Finding the Chacon Zone

Brad Ziegler is firmly entrenched in the Chacon Zone. (via Grant Dawson & Joon Lee)

Brad Ziegler is firmly entrenched in the Chacon Zone. (via Grant Dawson & Joon Lee)

Editor’s Note: This is the first post of “Fantasy Baseball Preview Week!” For more info, click here.

In the dozen years I’ve been playing fantasy baseball, I’ve never once owned Mariano Rivera or Billy Wagner. Never drafted Craig Kimbrel, never traded for Aroldis Chapman. Historically, my teams have been littered with such luminaries as Shawn Chacon, Danny Graves and Al Reyes. See, I’m unwilling to shell out the big bucks required to land a stud closer as far too many fantasy managers are wont to do. And as frustrating as it can be watching my ERA soar as I desperately chase a handful of saves, I have no doubt that picking my third outfielder or starting pitcher before my first closer is the “responsible” decision.

But there has to be a better strategy than blindly chasing saves opportunities. Sure, everyone can agree that Dellin Betances is a better pitcher in reality than Shawn Tolleson. But is he better in fantasy? Do his elite rate stats and strikeouts compensate for his lack of saves? And if not, then which closers is he more valuable than? At what point should fantasy owners say “Enough” and relegate underperforming closers to The Chacon Zone (hat tip to Paul Sporer for the name)?

Enter Z-Scores. For those who may need a stats refresher, a Z-Score is the number of standard deviations an observation lies from the mean. It’s calculated by dividing the difference between an observation (how a player did in a given stat) and the average of that stat by the stat’s standard deviation, a measure of variance. A starting pitcher who has a Z-Score of 2 in ERA, posted an ERA that is two standard deviations better than the average. This would place him in approximately the 95th percentile of his peers.

We can add Z-Scores across multiple categories to arrive at a single number comparable across a position. For relievers, summing Z-Scores for saves, strikeouts, ERA and WHIP results in a composite figure that allows us to compare the value of a setup man to that of a closer or a long reliever without having to arbitrarily differentiate the value of each stat. Zach Sanders wrote an excellent series introducing and explaining Z-Scores back in 2011.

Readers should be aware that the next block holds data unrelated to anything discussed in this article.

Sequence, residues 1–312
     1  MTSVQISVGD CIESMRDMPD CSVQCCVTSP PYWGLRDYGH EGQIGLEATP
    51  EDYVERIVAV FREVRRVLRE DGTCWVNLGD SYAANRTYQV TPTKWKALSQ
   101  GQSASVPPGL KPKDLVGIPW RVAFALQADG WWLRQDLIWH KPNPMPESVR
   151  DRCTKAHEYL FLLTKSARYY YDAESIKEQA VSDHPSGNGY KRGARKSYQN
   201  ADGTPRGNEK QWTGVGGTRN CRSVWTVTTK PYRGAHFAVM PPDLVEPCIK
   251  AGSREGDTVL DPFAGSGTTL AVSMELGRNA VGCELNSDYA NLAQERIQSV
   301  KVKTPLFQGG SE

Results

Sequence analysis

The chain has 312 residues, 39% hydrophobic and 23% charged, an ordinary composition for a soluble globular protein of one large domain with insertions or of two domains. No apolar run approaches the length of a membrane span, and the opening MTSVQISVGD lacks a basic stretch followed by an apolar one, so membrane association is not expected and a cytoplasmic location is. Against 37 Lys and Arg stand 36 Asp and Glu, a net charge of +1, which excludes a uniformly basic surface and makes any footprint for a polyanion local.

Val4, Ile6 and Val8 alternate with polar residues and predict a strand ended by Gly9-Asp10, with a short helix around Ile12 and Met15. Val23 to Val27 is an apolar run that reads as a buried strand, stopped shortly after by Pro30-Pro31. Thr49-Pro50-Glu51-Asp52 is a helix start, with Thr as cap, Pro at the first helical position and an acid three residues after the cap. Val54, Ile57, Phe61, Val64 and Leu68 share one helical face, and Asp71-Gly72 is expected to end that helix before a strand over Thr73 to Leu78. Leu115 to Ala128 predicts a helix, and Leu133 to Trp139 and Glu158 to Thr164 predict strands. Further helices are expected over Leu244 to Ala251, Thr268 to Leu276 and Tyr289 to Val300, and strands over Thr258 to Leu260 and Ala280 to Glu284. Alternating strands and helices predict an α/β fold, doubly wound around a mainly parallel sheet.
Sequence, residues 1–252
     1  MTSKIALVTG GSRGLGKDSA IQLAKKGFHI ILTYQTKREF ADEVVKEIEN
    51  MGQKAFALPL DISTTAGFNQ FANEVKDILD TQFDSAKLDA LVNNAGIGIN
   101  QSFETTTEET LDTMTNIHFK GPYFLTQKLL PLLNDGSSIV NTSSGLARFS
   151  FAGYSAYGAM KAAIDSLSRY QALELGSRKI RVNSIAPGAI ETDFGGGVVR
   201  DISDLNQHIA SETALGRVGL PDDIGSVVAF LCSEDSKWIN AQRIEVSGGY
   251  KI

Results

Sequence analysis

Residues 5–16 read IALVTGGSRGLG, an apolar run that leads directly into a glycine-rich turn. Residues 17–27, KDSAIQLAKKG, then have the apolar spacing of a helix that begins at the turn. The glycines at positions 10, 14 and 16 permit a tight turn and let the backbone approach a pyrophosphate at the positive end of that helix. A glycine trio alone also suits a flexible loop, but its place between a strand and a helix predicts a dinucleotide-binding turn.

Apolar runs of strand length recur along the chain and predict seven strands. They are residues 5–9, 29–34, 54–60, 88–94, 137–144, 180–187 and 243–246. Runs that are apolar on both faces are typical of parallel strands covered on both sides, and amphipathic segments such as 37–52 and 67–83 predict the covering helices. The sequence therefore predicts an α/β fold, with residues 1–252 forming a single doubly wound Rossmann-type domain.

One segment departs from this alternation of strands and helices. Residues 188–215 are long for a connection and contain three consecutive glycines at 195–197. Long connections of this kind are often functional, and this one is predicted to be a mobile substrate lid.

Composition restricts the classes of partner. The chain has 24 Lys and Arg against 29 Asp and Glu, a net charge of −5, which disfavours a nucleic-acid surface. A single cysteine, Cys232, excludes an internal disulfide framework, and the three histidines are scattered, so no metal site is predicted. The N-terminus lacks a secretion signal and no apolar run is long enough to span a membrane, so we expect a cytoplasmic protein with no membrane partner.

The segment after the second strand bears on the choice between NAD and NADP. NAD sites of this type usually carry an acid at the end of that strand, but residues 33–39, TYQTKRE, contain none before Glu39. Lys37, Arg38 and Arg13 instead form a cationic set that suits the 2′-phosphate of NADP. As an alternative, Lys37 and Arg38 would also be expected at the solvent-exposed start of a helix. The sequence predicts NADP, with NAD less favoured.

So which non-closing relievers are objectively more valuable than their ninth-inning counterparts? To determine this, I turned to Steamer’s 2016 projections. Among relievers expected to meet the qualified innings threshold (consistently ~49 innings pitched over the last five years), Steamer estimates the following averages and standard deviations across the four relief pitcher stats:

Stat Average Std Dev
Saves  9.842 12.032
Ks 61.108 11.308
ERA  3.348   .410
WHIP  1.223   .084

Based on depth charts, I separated the relievers into two groups, closers and non-closers, and plotted their Z-Scores using Steamer’s projections. First, let’s look at a visual representation of the closer position.

edwards 1

It appears that closers fall into four tiers, arguably five if you assign Craig Kimbrel his own. In the bottom two tiers lie the majority of closers, many of whom Steamer projects to reach the 30-save plateau. But should you pay a premium for 30 saves when those same pitchers will likely hurt you in ERA, strikeouts and WHIP?